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Neurotrophins as intercellular signaling molecules of the brain regulate select immune functions of microglia
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1  University of British Columbia

Published: 16 December 2020 by MDPI in Cell-to-Cell Metabolic Cross-Talk in Physiology and Pathology session Posters

Microglia are the resident immune cells of the brain, which become activated in response to diverse immune stimuli. Following activation, microglia signal to other central nervous system (CNS) cells by secreting a variety of cytokines. Under specific stimulatory conditions, microglia can also release a spectrum of cytotoxins, including reactive oxygen species (ROS), reactive nitrogen species (RNS), proteases, and other enzymes. Molecules secreted by microglia have specific functions in the neuroimmune response to pathogens and endogenous stimuli. They also contribute to the pathogenesis of neurodegenerative diseases. Neurotrophins (NTs) are proteins that support development, maturation and normal metabolic functions of neurons by interacting with neurotrophin receptors (NTRs) on these cells. Microglia also express several NTRs that signal in response to binding of NTs. These include tropomyosin receptor kinase (Trk)A, TrkB and p75NTR. Binding and activation of these receptors can alter the phenotype, metabolism, and other functions of microglia. We hypothesized that NTR ligands, such as the small molecule ligand LM11A-31 and the NT precursor pro-brain derived neurotrophic factor (proBDNF), bind p75NTR and modulate the immune functions of microglia. We studied the effects of NTR ligands on the following immune functions by using in vitro models of microglia: 1) secretion of cytotoxins and cytokines by lipopolysaccharide (LPS) plus interferon-γ stimulated human THP-1 monocytic cells; 2) release of ROS through the LPS-primed respiratory burst response of dimethyl sulfoxide-differentiated human HL-60 myelomonocytic cells; 3) secretion of nitric oxide by LPS-stimulated murine BV-2 microglia; and 4) phagocytic activity of BV-2 cells. LM11A-31 and proBDNF inhibited the respiratory burst response of differentiated HL-60 microglia-like cells but did not have a significant effect in most other cellular assays. Our data indicate that NTs could serve as intercellular signaling molecules of the CNS by regulating select immune functions of microglia, such as their production of ROS.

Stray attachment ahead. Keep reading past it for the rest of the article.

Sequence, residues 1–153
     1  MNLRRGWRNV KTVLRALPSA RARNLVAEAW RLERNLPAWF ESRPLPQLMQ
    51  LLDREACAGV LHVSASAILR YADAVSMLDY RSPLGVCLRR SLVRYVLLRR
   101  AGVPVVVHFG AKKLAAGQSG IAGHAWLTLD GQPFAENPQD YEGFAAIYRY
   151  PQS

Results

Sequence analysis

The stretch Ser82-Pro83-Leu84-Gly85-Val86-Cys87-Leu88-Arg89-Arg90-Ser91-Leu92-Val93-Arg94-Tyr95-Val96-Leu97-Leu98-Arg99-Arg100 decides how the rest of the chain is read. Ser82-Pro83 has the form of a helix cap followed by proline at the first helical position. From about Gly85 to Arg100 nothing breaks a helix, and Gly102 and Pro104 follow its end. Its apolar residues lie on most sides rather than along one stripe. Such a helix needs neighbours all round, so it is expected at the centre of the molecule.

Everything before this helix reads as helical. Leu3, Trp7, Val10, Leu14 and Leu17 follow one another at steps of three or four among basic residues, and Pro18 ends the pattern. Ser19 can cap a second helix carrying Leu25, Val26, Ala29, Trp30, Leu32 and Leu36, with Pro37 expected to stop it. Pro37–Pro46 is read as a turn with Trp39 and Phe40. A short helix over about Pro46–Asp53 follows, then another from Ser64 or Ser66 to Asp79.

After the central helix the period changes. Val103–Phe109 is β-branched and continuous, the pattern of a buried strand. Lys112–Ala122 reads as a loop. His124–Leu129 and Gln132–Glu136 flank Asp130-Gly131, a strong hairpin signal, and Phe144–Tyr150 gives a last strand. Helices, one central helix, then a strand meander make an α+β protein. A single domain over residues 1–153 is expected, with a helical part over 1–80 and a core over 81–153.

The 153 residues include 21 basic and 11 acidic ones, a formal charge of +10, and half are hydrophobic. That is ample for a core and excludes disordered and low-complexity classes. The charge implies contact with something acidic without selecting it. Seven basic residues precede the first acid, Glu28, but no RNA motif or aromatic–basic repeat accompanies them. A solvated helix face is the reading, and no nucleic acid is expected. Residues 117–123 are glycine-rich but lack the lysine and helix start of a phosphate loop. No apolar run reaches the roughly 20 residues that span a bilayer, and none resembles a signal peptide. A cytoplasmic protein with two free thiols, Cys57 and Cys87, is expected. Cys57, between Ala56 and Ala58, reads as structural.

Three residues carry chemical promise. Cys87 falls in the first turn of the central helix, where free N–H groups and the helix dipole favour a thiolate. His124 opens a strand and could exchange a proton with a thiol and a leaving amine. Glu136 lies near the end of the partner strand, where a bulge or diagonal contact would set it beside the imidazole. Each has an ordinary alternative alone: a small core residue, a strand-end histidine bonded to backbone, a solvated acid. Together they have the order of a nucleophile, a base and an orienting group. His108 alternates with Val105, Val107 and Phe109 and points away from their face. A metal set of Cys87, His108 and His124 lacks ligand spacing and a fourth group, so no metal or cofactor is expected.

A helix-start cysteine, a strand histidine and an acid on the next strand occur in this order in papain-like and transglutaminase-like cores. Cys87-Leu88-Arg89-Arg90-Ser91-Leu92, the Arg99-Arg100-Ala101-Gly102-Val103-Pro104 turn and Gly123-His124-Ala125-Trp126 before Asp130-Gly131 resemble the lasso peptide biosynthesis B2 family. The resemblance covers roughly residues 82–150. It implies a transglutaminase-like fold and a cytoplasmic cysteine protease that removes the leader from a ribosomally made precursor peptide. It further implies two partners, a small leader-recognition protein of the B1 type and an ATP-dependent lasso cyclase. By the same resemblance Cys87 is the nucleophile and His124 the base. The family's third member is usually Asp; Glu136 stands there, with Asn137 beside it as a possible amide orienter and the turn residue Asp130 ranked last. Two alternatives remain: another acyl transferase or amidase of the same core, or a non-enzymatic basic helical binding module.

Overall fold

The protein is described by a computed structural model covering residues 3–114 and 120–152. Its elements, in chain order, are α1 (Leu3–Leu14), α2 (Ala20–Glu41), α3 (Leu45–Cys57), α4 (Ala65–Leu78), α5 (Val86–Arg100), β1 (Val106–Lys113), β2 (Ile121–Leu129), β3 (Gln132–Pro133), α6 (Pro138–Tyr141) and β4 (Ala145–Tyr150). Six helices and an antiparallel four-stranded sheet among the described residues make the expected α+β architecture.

Keywords: microglia; neurotrophins; neurotrophin receptors; LM11A-31; proBDNF;